Brabec de Mori (2011, p. 24, 42), in his densely argued text, reports a scholarly consensus that the original homeland of the Ayahuasca vine and its related shamanic practice was precisely north of the Amazon in the valley of the Napo river where its made the preparation of Ayahuasca tea and the practice of spirituals cerimonies to heal the heart and the spirit has spread over the course of several centuries, southward along the great river valleys, and eastward into Madre de Díos and beyond. The Napo river basin, lying north of Iquitos, connects to the Andean highlands through the accessible Papallacta pass—presumably an ancient trade route, the name papallacta meaning “potato town.” The Napo river in turn connects to the immense thoroughfare of the Amazon river, where it grows the greatest quantitate of Ayahuasca´s vine and the Chacruna´s leaf.
Zuluaga (2004, p. 132), an expert on traditional Colombian medicine, claims that it is precisely in the western Amazonian lowlands around the Napo river where the Ayahuasca vine can still be found in its wild form; elsewhere, he says, the vine is found only in cultivated form, grown from seeds carried by indigenous people and exchanged in trade.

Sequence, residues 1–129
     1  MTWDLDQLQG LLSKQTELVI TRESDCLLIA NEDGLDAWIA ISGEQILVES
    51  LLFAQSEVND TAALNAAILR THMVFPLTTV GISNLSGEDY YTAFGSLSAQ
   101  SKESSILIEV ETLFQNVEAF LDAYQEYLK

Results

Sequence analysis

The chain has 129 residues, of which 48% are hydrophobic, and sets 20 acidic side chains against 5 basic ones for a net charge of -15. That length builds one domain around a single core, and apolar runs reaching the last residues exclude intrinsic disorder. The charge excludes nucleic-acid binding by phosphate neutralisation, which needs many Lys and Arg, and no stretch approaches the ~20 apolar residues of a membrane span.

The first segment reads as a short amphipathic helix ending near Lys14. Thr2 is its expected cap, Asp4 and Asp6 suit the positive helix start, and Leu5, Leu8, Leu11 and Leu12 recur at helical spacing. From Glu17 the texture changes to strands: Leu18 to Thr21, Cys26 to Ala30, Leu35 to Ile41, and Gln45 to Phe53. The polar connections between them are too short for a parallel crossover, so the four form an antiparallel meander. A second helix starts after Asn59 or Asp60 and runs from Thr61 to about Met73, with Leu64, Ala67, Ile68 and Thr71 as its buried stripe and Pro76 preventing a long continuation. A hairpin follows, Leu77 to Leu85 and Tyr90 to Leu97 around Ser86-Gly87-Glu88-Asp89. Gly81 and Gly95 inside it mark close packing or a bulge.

Ayahuasca began its great exodus inadvertently by the Spanish conquerors. During the Spanish conquest, when indigenous people were forced to live together for protection it brought together Shaman from different tribes to share their practices and discoveries, accelerating a cultural and medicinal exchange (Beyer, 2010, p. 282).